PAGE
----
• mikesh says:

      Sorry. In the above comment I should have included a comma after the word “only”.

    • Susan St John says:

      The landlord is paying tax on 4% of equity above the exemption. Typically if say he has paid $800,000 cash for a rental in Auckland-your 10-20% return gross means an annual return between $80,000 and 160,000–but no-one will pay that for a rundown Auckland home.

      Suppose he can rent it for $700 a week that is about $36,000 a year- but then there are the rates insurance maintenance accounting fees etc to deduct for tax purposes. Under the RFRM example if he is above the exemption he would be looking at an income of $40,000 to pay tax on. He would have an incentive to rent the place however rather than just leave it vacant and rely on capital gains on sale. That might be a good thing

      • mikesh says:

        I think if his actual return is above 4% he should pay tax on that rather than on the 4%. That seems fairer, though I guess there may be may be some advantage in the simplification of the the tax system that might ensue from your proposal.

        • Susan says:

          The simplification and fairness is all important. Some rare landlords may benefit from the 4% on equity rule but not many I suspect. It is quite hard to generate a decent return on rentals alone. If a person has a low equity and high mortgage they are bound to be generating low or negative returns. If they have 100% equity in the rental– say for a small Auckland property worth $600,000 then the RFRM would be an income of $24,000 to pay tax on. If the house was 100% tenanted this is the same as a weekly rent less costs of $462. With rates insurance maintenance admin the annual costs could be around $10-20,000. The rent would have to be about $700 a week.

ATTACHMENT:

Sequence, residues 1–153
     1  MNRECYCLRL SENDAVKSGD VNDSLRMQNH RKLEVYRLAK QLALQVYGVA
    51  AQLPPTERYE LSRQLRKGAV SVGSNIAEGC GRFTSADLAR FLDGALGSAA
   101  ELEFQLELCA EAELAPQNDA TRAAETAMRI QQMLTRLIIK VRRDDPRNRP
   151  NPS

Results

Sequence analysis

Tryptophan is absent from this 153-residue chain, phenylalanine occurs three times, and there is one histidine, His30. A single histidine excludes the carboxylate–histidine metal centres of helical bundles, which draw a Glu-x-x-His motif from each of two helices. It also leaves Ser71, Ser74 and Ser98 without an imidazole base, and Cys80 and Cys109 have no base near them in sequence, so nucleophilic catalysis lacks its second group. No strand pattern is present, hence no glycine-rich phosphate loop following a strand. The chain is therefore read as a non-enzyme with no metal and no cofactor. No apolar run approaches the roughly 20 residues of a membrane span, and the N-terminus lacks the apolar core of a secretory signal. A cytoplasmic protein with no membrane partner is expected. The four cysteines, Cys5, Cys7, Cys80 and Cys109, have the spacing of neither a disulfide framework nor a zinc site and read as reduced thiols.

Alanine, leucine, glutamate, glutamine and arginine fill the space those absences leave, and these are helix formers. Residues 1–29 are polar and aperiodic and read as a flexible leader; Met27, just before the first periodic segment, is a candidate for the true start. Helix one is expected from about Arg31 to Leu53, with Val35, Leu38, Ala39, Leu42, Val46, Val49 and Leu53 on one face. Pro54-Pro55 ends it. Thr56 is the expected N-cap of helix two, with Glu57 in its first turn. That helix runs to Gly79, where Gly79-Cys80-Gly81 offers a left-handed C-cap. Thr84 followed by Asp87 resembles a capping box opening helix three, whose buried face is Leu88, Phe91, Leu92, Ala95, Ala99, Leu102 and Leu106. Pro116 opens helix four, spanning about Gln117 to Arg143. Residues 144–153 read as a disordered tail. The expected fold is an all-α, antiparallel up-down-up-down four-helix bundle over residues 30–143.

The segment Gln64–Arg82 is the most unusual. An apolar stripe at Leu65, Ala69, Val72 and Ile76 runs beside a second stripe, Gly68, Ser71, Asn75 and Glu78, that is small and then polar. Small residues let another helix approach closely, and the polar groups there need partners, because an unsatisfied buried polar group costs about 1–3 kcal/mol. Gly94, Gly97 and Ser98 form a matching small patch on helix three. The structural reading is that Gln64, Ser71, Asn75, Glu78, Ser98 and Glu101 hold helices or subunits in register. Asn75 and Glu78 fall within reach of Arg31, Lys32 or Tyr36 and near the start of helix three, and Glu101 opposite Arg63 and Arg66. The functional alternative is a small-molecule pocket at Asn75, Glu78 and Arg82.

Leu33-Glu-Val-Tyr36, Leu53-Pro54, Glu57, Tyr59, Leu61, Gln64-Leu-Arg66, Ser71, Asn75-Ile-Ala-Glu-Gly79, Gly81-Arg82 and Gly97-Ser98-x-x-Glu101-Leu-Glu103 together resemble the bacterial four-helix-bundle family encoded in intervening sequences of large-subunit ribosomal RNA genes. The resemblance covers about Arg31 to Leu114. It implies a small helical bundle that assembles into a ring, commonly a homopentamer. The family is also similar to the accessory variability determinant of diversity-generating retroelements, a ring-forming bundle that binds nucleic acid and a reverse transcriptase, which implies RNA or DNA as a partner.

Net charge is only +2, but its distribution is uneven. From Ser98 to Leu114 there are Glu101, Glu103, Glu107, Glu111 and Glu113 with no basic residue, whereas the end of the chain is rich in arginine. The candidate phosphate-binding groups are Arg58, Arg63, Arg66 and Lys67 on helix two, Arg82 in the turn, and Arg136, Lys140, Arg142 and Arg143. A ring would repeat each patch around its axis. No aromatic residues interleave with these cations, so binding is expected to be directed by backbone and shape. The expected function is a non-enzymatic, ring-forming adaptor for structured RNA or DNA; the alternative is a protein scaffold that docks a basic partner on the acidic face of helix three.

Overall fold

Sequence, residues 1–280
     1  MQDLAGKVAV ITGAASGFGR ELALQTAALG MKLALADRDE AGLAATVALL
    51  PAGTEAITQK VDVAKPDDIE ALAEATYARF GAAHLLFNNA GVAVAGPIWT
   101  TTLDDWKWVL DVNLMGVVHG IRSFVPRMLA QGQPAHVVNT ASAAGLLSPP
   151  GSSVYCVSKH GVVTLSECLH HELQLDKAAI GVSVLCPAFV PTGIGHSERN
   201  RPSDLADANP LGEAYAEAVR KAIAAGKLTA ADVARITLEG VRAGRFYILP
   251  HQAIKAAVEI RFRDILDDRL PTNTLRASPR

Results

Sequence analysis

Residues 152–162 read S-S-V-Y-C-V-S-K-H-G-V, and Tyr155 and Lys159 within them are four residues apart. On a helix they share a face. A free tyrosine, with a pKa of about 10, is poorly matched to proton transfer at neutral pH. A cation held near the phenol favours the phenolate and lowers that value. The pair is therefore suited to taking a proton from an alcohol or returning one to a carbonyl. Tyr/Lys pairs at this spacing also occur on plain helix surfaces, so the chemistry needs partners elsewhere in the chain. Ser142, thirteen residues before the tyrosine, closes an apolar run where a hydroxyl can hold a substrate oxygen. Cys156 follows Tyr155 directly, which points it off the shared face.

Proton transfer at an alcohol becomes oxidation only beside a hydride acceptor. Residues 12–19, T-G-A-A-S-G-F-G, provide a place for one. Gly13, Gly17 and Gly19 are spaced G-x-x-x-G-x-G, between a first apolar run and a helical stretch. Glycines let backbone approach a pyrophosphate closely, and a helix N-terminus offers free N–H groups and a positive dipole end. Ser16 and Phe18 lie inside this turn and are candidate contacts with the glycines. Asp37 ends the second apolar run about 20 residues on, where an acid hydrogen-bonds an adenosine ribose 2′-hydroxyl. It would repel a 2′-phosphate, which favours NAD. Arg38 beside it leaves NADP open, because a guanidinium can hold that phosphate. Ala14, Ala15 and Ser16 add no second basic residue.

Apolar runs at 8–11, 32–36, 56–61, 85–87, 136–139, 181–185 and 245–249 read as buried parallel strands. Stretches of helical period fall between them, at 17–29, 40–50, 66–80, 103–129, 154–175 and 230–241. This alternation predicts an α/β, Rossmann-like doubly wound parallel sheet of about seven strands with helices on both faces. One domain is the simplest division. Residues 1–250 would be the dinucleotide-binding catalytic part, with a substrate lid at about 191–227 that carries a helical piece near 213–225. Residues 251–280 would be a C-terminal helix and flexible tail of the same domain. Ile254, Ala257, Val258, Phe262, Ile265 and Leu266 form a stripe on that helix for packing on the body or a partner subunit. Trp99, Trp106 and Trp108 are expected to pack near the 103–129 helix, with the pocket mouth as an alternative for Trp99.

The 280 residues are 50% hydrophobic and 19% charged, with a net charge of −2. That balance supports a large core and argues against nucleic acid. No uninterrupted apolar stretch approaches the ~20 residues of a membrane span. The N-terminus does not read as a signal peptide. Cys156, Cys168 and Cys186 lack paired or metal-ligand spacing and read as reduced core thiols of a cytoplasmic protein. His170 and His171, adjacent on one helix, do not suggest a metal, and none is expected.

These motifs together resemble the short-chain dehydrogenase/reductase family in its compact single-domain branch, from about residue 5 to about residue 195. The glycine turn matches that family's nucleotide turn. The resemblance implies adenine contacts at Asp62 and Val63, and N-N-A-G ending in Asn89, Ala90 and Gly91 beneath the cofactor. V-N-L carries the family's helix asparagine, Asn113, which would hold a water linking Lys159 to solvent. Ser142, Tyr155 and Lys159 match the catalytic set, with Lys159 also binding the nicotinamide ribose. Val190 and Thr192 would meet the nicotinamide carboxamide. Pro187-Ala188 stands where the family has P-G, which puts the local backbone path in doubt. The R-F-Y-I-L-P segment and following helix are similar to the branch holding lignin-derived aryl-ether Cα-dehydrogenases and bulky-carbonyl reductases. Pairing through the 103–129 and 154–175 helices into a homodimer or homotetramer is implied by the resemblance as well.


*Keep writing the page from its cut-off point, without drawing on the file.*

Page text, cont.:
9. Mark Wilson says:

    [Comment deleted. Mark, if you have a criticism to make of the author’s opinions, or a contrary view, we welcome such contributions. Do not not post ad hominems simply because you have no other issues-based critique to offer. – ScarletMod]

  10. Afewknowthetruth says:

    ‘Nothing Is Real: “It’s All Being Played To Keep People Believing The System Is Working”

    We exist, beyond any shadow of any doubt, in an environment of absolute fakery where nothing is real… from the prices of assets to what’s occurring here with regard to the big Wall Street banks, the Federal Reserve, interest rates and everything in between.

    …All of this is being played in a way to keep people believing, once again, that the system is working and will continue to work.

    …..It’s created a population boom… a population boom has risen in tandem with the debt. It’s incredible.
    So, when the debt bubble bursts we’re going to get a correction in population. It’s a mathematical certainty. Millions upon millions of people are going to die on a world-wide scale when the debt bubble bursts. And I’m saying when not if…

    When resources become more and more scarce we’re going to see countries at war with each other. People will be scrambling… in a worst case scenario… doing everything that they can to survive… to provide for their family and for themselves.

    There’s no way out of it.’